- to help you deepen your understanding of the ideas of influential 19th-century European intellectuals
- to reflect on the interactions between ideas and social experience
- to think critically and creatively about how the ideas of 19th-century Europe's leading thinkers and writers still raise a host of cogent questions for our own time.
To make for the most comprehensive treatment possible within a 24-lecture framework, you will examine not only famous thinkers like Marx, Darwin, and Nietzsche, but a number of important though less well remembered figures.
These include the romantic author Germaine de Staël,the positivist Auguste Comte, the novelist and feminist George Sand, the political theorist Benjamin Constant, and many others.
In no case does Professor Kramer treat a thinker in isolation. Instead, each is placed in a context and linked both to other creative thinkers and the major issues of the time.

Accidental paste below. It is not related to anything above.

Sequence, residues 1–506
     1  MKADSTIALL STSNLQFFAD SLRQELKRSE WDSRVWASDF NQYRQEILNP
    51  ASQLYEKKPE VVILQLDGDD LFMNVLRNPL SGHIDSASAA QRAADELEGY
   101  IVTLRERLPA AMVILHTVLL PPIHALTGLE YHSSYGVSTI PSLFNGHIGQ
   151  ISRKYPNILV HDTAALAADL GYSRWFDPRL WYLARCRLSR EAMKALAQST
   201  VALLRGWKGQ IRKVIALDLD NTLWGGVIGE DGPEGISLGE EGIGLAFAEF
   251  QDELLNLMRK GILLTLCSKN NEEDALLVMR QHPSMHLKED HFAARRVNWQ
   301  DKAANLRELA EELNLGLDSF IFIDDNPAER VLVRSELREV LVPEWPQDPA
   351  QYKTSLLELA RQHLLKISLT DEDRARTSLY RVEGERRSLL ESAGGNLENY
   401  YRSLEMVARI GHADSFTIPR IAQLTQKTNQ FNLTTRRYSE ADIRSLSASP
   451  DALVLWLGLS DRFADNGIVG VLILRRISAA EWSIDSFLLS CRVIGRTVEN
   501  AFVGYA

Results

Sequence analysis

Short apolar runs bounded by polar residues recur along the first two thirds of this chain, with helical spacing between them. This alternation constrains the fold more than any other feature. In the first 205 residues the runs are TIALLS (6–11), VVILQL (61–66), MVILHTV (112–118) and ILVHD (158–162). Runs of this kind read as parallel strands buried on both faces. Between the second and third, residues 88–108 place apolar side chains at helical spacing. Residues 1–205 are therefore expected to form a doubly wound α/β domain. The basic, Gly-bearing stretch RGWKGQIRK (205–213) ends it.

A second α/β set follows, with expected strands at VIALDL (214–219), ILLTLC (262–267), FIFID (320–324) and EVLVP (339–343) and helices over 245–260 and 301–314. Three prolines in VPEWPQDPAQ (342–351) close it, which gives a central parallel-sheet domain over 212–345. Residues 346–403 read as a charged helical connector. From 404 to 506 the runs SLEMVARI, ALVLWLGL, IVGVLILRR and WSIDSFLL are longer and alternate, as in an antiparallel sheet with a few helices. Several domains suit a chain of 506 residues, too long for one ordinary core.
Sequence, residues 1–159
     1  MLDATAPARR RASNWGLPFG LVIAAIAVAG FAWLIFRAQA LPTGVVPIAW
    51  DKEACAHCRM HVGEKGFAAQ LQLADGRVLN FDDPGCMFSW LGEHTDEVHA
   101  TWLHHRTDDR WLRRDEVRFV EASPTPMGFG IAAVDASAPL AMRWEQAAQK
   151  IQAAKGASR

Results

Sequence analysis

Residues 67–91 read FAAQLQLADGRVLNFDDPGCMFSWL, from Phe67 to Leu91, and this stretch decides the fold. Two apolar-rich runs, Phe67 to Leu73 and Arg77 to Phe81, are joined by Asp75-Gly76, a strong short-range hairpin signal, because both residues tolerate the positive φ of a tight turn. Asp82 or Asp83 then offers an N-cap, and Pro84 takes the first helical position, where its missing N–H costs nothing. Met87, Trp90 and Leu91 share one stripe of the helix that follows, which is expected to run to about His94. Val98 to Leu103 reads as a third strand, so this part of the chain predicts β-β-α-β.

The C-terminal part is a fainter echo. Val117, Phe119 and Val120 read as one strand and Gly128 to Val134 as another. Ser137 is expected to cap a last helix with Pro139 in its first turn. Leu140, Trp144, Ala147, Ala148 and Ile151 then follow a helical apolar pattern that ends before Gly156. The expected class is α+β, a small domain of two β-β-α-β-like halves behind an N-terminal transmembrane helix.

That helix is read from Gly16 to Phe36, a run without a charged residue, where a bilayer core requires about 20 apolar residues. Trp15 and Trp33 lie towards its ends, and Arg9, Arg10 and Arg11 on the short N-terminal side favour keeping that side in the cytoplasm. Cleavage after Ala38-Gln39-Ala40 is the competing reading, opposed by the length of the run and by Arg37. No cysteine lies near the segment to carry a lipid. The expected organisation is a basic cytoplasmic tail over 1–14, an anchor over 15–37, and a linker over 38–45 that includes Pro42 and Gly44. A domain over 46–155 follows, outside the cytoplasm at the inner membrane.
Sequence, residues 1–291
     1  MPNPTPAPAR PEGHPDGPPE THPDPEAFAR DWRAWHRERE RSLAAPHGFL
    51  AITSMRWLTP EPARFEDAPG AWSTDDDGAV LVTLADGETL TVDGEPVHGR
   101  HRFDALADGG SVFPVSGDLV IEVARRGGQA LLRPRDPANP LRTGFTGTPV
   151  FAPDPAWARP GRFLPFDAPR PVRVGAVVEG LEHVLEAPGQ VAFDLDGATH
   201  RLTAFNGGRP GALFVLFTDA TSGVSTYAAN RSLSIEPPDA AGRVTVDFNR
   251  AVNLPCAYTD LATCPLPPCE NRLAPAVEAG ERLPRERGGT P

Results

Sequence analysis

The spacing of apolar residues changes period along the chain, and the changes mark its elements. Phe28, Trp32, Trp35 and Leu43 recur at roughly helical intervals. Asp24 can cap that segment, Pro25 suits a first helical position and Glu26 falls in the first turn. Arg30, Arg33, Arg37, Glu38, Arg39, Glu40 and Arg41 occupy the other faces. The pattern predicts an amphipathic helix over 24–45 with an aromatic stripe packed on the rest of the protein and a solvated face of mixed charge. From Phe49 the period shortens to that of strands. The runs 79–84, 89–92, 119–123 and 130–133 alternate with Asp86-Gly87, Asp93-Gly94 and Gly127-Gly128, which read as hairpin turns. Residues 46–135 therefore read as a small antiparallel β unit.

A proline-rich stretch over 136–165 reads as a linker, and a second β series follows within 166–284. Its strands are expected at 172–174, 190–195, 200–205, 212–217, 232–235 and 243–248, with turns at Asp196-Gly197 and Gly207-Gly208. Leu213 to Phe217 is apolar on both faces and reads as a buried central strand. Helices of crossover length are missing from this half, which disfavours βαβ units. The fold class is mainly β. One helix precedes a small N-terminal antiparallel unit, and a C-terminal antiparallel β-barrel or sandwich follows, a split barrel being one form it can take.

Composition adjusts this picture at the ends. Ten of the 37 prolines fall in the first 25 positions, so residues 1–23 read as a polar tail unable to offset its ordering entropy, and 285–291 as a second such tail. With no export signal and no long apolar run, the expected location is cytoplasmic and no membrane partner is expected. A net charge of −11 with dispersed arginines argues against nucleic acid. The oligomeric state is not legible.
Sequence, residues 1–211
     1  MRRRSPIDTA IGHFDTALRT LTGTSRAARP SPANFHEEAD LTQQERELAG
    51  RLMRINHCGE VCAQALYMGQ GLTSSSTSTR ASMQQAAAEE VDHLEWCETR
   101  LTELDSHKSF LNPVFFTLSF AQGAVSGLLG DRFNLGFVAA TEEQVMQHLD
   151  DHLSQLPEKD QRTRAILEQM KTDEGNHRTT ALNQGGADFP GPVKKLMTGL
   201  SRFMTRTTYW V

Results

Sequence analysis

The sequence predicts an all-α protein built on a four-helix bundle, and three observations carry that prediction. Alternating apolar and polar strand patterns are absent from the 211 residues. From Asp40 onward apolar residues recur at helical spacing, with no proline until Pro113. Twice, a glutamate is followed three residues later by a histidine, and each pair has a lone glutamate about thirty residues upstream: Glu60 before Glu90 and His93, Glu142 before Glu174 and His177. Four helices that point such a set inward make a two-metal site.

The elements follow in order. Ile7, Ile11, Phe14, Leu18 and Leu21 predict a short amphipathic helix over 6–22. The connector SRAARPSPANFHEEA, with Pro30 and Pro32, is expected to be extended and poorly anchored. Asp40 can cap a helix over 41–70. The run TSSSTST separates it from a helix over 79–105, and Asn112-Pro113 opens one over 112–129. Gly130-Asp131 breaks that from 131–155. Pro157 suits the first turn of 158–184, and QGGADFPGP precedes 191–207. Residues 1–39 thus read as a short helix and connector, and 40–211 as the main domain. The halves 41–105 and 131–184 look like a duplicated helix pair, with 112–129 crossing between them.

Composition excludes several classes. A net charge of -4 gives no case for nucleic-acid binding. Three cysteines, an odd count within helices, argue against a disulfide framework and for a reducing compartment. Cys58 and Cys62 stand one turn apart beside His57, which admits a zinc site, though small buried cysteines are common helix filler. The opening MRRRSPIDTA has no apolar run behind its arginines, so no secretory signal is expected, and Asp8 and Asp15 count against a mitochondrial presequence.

Consciousness and Context
In inviting you to view intellectual history as a series of overlapping, interconnected dialogues, Professor Kramer makes two important assumptions:
- It is ideas—like Hegel's, for example—that shape history.
- Social, political, and economic realities—like the Industrial Revolution, for example—affect how those ideas appear, gain influence, and become, like Hegel's thoughts, historical forces in their own right.
This approach allows you to avoid the twin dangers of reductionism, which collapses consciousness into context, and abstraction, which ignores the connection between ideas and the full complexity of lived human experience.
While important texts cannot be said simply to "reflect" the contexts in which they appear, it remains true that creative thinkers have always interpreted and reacted to the concrete historical world in which they live.